Don’t judge, but I’ve always been completely fascinated by Nazi Germany, Hitler and the Third Reich. I know, totally creepy and weird and not something one admits to in polite company, but there we are.
Let’s be clear here. I’m fascinated by the time and the set of circumstances that allowed a completely deranged, angry little man to throw the world into war and terror and all manner of horrible things. I find the personalities completely fascinating. I’ve managed to read almost the entire biography of Hitler that Ian Kershaw put together (probably the heaviest book I own), I loved Angela Lambert’s The Secret Life of Eva Braun and I constantly have to stop myself from buying biographies of other Nazi notables like Himmler and Goebbels because, let’s face it, people will start to think terrible things about me.
That being said, I didn’t stop myself from picking up In the Garden of Beasts: Love, Terror and An American Family in Hitler’s Berlin by Erik Larson. Having read Larson’s account of America’s first serial killer in The Devil in the White City, I knew that I would love it.
You may have heard of In the Garden of Beasts – it’s been on Bestseller Lists and Top 10s all over the place because it is a masterpiece. Erik Larson is incredibly gifted when it comes to novelistic history.
William E. Dodd was just a history professor in the twilight of his career, hoping for a simple ambassador job somewhere undemanding that would allow him to finish his 4 part series on the American South. He ends up getting sent to Berlin in 1933, just after Hitler has become Chancellor of Germany, but before he has managed to assume complete power. Dodd brings his family – wife Mattie, son Bill Jr., and daughter Martha – and in short order all are comfortably ensconced in the social hierarchy of Nazi Germany.
Mattie and Bill Jr. soon fall away from the story – they make appearances when warranted but the story is mainly about Dodd Sr. and Martha. Dodd Sr. begins to understand that America needs to take a stand against Hitler in the face of all the horrible things that are being done to Jews (despite the fact that Dodd is an anti-Semite himself) but everyone back home is working against him, focused on the fact that Germany has defaulted on payments from the Great War and on keeping America out of any future European conflicts.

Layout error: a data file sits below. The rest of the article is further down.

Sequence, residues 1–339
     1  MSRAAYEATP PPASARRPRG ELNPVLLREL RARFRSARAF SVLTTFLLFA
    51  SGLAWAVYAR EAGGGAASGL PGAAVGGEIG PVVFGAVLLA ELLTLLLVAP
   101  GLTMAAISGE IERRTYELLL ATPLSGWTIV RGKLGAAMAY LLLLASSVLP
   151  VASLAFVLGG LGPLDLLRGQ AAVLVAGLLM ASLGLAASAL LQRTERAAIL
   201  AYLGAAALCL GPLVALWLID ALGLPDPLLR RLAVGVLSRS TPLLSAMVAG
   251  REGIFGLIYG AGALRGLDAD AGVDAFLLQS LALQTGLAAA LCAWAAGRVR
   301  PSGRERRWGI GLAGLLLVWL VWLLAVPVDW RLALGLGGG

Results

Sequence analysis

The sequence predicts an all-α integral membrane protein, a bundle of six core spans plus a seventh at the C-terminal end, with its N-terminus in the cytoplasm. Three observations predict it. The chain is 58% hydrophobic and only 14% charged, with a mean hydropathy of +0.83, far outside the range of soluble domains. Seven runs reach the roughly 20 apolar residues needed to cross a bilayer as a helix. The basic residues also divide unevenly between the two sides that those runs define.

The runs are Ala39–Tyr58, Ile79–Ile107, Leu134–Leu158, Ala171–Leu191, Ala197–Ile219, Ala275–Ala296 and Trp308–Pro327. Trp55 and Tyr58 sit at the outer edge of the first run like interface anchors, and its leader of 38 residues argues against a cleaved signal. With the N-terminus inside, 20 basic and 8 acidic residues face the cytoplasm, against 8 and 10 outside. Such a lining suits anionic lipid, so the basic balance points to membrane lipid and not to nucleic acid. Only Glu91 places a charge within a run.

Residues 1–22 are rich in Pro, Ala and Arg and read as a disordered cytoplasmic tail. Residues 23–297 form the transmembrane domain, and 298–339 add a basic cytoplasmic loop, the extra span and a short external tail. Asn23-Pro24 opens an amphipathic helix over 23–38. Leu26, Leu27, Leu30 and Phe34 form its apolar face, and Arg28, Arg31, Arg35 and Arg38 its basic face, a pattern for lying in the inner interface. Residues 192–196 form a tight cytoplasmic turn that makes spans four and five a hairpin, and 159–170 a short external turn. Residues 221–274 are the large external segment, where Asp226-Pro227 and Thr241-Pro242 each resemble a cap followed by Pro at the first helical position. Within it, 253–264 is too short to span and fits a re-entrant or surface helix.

Martha, meanwhile, is completely infatuated with Nazism. She believes that its wonderful and just what Germany needs. Until she begins to witness assaults in the street, her friends disappear and some of her romantic conquests fear for their lives.
The book isn’t terribly long. With about 50 pages left to go my heart was hammering in my chest and I was reading while I was walking down the street (dangerous pastime if you know me) because, despite having an idea of how this was going to end, I needed to know.
What’s unique about this book on Nazi Germany is that it really focuses on that one pivotal year, the first year (of nearly 4) that the Dodds were in Germany. They were there when Hindenburg died, during the Night of the Long Knives when Hitler ruthlessly took military control and as it became clear the Germany was no longer safe for any “undesirables.” I always have trouble with the military aspect of any books about WWII, but this book leaves all of that out. As far as everyone knew, in 1933/34 Hitler wanted peace for Germany and for Europe. But those who were able to see a little bit further than the ends of their own noses, they understood that Hitler would never settle for what was best for Europe as a whole. He wanted revenge.
Sadly no one else listened to the few.
In the Garden of Beasts is in paperback now, which is even more reason to pick it up for yourself.